Friday, December 10, 2010

UCLA Told to Get Out of the Stream

Background: Some instructors use videos in classes for various purposes. Of course, this practice has gone on since video tapes were around. Indeed, yours truly - who was at UCLA when mammoth elephants were still walking around campus - used 16 mm films back in the day. (Anyone remember film strips?)

However, in some classes, streamed videos are used. Basically, enrolled students go to the course website, click on the video required, and see the video (motion, sound, etc.). In effect, it is the same as going to YouTube or similar websites. You don't download the file from YouTube typically; you just see the video in question.

Last academic year, the group described in the article below ordered UCLA to halt the practice and there was a brief episode in which classes were disrupted by the sudden unavailability of such material. UCLA then re-thought the legal issue and decided that, since course websites are visible only to enrolled students, putting up streamed videos was no different than showing the videos in class. As a result, the streaming service was restored.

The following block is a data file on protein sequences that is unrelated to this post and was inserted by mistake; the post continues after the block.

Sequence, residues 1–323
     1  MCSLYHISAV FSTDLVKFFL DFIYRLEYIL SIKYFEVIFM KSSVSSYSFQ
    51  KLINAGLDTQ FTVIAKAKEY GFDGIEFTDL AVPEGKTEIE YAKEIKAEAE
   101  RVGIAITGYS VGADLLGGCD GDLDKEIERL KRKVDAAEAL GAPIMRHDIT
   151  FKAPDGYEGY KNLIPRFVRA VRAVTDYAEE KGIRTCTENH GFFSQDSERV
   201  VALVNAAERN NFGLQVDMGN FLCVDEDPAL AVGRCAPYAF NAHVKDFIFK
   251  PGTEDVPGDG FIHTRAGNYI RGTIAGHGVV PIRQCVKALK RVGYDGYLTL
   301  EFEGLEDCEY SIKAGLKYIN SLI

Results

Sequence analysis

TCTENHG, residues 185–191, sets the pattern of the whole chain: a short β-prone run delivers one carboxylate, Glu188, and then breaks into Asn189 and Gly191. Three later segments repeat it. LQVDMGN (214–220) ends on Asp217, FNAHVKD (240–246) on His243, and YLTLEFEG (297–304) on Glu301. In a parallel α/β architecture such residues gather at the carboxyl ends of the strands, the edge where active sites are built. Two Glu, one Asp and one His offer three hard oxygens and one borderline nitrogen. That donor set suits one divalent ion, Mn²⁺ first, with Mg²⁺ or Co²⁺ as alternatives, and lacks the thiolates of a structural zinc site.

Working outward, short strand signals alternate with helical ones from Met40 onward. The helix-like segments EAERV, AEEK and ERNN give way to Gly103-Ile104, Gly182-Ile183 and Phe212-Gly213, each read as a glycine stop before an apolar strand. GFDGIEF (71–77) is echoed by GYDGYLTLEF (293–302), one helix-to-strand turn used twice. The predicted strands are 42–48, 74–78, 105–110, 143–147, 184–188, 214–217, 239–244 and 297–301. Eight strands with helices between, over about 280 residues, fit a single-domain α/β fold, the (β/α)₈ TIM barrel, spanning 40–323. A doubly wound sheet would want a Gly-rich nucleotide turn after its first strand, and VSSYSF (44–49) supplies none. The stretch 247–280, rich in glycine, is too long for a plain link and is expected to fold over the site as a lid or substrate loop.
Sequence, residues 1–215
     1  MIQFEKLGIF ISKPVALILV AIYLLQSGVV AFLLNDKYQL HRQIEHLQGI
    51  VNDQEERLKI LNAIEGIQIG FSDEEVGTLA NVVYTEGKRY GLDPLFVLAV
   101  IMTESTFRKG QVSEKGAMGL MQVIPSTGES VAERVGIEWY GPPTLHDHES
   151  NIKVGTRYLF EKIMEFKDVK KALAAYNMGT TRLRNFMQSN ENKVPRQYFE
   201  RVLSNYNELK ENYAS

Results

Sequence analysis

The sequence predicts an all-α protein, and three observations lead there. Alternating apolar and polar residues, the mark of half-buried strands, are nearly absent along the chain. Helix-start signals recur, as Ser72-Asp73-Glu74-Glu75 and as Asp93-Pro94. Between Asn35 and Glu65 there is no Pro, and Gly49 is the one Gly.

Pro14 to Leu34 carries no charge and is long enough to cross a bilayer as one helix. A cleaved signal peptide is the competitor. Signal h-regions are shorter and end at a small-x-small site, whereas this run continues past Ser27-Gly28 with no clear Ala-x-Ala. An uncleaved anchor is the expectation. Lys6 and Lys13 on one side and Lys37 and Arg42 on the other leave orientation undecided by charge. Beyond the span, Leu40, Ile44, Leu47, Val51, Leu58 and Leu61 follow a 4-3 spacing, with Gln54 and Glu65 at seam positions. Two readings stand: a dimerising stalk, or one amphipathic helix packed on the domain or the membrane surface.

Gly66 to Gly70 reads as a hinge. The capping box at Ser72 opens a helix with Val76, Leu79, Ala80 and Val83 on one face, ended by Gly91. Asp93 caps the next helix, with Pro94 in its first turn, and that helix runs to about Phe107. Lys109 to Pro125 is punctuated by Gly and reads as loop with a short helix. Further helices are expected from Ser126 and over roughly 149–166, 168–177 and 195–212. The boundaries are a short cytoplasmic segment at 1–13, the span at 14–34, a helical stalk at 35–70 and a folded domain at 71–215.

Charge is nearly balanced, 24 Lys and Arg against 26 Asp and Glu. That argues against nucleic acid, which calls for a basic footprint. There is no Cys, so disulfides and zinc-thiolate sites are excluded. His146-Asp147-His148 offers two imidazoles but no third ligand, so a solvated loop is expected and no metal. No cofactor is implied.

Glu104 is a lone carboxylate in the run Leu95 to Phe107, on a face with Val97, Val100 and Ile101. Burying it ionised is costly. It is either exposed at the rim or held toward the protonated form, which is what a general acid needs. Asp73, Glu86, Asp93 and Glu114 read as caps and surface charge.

Apparently, there will now be litigation over this issue.

Some non-official, non-legal advice from a non-lawyer. If you have a video file, you can make the file available to students through a course website without streaming. That is, they can download the file and look at it through various players on their computers. Of course, there is a lot of educational material available on sources such as YouTube - which is streamed.

Here is the news item (excerpt) from Inside Higher Ed today:

UCLA Sued Over Streaming of Videos

After a public copyright dispute in January, the Association for Information and Media Equipment says it has filed suit against the University of California at Los Angeles and the system’s Board of Regents. The association, a trade group that represents 16 educational media companies, objected to UCLA’s practice of allowing students to stream copyrighted videos on their course websites. Since course websites are not classrooms, the group said, the “fair use” exemptions for educational use do not apply. UCLA has said that since the course websites are password-protected, streaming videos on the site is the same as showing them in class, except far more convenient for students and professors...

Full article at

Some advice to the Assn. for Info and Media Equipment:

No comments: